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Posting Class Notes vs. Class Transcripts Online December 7, 2006

Posted by Jeff in Educational Podcasts, Podcast Accessibility, Podcast Transcription, University Podcasting.
91 comments

What happens in an educational class determines what should get posted online about that class.

(This topic comes from the idea of posting transcripts of the podcast from a class.  If you have a class, and you record it, then you podcast it, you’re supposed to (508 compliance) also post the transcript of that class.  What if, however, you don’t have the resources to do so?)

I’ve sat in classes where the professor uses it as an opportunity to discuss readings, have the class interact, or introduce ideas off the cuff to students.  If that is recorded, and will be part of the information a student needs to succeed in the course, then the audio needs to be transcripted.

I’ve also sat in classes where the professor reads through notes and doesn’t deviate very much from what they say.  If this class is podcasted, and if the notes read through in class are what a student needs to succeed in the class… then I don’t believe that the transcript needs to be published… the notes do.

Publishing the notes that have already been written is obviously a faster and less expensive or time comsuming endeavor than to transcript every class.

The intent of 508 compliance is to provide individuals with the same opportunity to suceed as other inviduals.  If merely posting notes provides that, then you have met the criteria.

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Section 508 Compliant Podcasting and Undue Burden November 22, 2006

Posted by Jeff in Podcast Accessibility, Podcast Captioning, Podcast Transcription, Podcasting.
10 comments

In general, the purpose of section 508 is to build as much accessibility as is reasonably possible into general products developed, procured, maintained, or used by agencies. I received some email from my post yesterday about Section 508 Compliant Podcasts asking “What about undue burden?”

The actual wording of the text is… do all the accessibility things… “unless an undue burden would be placed on that agency to do so.”

Undue burden is defined as “significant difficulty or expense.” Though significant is relative, when it comes to podcasting, I believe we can break it down to the following:

To be 508 complaint, there are two main things you must do… certain podcasts meeting the agency mission criteria are under the multimedia file definition of the 508 standards and must be (1) captioned or (2) audio described depending on the format and content of the podcast.

Let’s start with (2) audio described. Laying a voice over track to video if you’re doing podcasting isn’t hard. This is something that you should be capable of and not a problem.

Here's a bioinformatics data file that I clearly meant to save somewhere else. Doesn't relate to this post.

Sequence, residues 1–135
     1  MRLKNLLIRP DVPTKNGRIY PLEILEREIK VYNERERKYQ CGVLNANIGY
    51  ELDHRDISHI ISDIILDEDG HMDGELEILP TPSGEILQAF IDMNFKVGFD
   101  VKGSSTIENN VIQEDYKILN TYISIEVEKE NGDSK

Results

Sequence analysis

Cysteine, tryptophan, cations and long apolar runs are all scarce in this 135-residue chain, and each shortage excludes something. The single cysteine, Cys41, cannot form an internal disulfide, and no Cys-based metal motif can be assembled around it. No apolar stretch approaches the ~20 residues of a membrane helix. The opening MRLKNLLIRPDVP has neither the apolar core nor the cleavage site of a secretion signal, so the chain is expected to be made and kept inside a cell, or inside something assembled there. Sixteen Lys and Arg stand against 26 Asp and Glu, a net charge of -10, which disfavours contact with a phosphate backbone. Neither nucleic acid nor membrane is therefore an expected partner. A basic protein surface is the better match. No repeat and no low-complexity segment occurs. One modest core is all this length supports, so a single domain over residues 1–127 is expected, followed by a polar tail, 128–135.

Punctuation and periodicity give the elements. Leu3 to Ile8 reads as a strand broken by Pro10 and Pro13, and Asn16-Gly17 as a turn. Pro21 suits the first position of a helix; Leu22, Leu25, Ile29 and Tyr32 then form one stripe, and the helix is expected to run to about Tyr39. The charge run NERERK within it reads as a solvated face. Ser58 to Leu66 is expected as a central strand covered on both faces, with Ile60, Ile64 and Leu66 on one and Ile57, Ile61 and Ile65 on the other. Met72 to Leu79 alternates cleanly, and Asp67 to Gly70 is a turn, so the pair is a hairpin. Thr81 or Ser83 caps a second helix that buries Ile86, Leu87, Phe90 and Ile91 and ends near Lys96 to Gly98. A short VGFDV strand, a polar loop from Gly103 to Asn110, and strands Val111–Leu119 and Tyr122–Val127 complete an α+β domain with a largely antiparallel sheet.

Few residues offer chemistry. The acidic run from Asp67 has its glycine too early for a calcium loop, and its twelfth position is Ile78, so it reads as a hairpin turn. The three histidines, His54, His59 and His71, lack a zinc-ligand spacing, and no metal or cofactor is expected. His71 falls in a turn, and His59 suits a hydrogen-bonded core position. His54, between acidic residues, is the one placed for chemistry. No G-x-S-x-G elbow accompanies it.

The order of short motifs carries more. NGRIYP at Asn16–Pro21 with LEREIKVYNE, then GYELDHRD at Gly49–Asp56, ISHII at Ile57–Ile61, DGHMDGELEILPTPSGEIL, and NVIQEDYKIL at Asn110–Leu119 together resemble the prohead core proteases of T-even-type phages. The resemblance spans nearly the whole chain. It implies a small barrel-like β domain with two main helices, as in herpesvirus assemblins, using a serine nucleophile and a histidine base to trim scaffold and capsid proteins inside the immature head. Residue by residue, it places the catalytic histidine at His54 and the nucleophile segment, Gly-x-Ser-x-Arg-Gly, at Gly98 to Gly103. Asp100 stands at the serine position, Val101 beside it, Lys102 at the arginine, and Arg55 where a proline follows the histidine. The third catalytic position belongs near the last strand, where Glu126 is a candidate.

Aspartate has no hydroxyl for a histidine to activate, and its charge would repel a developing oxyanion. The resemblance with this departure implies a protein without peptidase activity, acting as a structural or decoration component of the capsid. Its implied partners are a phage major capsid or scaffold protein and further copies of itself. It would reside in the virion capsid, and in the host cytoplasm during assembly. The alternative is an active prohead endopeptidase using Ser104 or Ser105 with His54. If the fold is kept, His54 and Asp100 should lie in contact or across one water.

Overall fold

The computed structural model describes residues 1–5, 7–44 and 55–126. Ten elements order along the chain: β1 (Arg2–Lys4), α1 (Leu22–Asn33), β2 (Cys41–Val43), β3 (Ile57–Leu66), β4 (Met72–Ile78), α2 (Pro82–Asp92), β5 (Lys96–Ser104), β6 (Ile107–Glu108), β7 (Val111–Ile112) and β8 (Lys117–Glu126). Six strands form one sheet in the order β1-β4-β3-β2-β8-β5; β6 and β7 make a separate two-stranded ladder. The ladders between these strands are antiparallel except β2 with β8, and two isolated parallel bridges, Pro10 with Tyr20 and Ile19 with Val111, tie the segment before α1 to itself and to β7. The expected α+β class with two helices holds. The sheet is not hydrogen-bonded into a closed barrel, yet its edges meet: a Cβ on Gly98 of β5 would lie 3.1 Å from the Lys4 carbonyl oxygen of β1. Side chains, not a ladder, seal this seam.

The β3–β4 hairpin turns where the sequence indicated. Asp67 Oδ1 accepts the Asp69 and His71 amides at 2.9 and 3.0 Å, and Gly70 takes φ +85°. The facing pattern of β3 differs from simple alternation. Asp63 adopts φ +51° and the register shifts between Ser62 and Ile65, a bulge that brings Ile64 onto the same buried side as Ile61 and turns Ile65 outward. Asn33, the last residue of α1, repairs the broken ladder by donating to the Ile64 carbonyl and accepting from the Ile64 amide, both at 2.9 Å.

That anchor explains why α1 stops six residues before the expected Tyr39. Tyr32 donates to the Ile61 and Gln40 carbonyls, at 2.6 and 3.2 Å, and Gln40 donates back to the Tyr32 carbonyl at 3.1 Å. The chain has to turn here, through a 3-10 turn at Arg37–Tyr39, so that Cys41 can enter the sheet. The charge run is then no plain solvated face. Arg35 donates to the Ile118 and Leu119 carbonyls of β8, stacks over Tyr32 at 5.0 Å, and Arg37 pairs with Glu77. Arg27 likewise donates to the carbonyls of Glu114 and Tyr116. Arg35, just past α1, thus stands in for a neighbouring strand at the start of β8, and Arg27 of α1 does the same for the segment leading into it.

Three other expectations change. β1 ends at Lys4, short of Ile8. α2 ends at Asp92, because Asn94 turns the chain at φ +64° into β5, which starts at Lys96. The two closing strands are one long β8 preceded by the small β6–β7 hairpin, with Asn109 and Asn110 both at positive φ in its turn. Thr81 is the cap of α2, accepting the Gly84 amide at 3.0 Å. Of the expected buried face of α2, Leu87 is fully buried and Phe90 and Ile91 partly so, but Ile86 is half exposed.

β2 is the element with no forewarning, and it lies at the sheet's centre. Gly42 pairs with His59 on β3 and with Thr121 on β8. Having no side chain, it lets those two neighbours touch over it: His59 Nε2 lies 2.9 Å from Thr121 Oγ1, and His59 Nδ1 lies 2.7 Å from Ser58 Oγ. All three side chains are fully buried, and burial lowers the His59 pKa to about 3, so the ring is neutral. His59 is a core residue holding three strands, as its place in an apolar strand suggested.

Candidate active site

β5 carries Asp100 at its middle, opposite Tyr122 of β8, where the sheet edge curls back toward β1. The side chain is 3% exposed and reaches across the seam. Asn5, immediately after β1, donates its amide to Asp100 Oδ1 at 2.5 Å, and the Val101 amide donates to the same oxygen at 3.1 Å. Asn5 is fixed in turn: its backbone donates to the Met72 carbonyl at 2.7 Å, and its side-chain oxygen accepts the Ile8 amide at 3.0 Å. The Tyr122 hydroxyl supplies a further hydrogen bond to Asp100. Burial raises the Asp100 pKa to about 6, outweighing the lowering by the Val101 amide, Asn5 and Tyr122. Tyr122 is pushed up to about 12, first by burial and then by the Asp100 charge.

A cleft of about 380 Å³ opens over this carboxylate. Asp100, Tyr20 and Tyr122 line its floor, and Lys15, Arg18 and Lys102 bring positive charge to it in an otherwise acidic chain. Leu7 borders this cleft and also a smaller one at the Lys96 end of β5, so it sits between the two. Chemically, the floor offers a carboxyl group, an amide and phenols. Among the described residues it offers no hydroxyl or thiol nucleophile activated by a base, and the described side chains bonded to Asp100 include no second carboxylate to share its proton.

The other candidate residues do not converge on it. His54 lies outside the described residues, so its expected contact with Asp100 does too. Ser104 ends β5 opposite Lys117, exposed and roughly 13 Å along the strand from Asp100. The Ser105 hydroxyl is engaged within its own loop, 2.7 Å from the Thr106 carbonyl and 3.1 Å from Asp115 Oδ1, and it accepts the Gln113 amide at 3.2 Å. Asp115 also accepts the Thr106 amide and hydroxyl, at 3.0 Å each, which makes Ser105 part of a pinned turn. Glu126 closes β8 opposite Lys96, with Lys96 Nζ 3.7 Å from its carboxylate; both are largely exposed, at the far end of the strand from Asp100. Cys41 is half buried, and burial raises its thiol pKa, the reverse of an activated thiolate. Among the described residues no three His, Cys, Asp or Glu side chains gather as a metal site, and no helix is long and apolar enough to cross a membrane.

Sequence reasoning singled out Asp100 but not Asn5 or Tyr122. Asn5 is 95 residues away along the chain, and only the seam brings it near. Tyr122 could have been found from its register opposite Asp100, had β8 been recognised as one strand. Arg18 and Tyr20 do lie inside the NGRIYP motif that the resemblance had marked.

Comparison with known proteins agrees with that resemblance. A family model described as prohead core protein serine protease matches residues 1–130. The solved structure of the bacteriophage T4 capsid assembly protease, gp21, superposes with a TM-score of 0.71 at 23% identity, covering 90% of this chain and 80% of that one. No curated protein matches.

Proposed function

In contrast, (1) captioning is not in the typical suite of tools for a podcaster. So far, we have solved this issue with transcripts for audio podcasts, and there are companies that do this for you, or you can do your own transcription. Video podcasts require more time and effort. Though again, there are companies that will do captioning of video, it can sometimes be expensive to do so. Tools and software for closed captioning video are also fairly expensive and some podcatchers do not accept the file formats needed to caption the video.

I believe this is where undue burden can be applied. To the weekly podcaster who is podcasting as a hobby, closed captioning may be out of reach. I think you can safely say that undue burden is met at this point and you will provide a transcript of the audio with audio description to get as close to accessible as possible. For the company, university, or agency that is video podcasting, has a podcast meeting the agency mission criteria, and has the resources to open or close caption the video… I believe the law states that it needs to be captioned.

Section 508 Compliant Podcasting November 21, 2006

Posted by Jeff in Podcast Accessibility, Podcast Captioning, Podcasting.
13 comments

Section 508 – Electronic and Information Technology Accessibility Standards – requires that when Federal agencies develop, procure, maintain, or use electronic and information technology, Federal employees and members of the public with disabilities have access to and use of information and data that is comparable to the access and use by that of employees and members of the public who are not individuals with disabilities, unless an undue burden would be placed on that agency to do so.

So, what does it have to do with podcasting?! Subpart A, or the”General” part of Section 508, list the purpose, application, exceptions, and definitions that set up the actual technical standards. In the definitions section there is a definition that infers podcasts need to comply:

Information technology includes computers, ancillary equipment, information kiosks, World Wide Web sites, etc… and they also list “multimedia.”

Multimedia can be used to describe many different things, but the next section of the document, Subpart B – Technical Standards of Section 508, is organized into six sections:

  • software applications and operating systems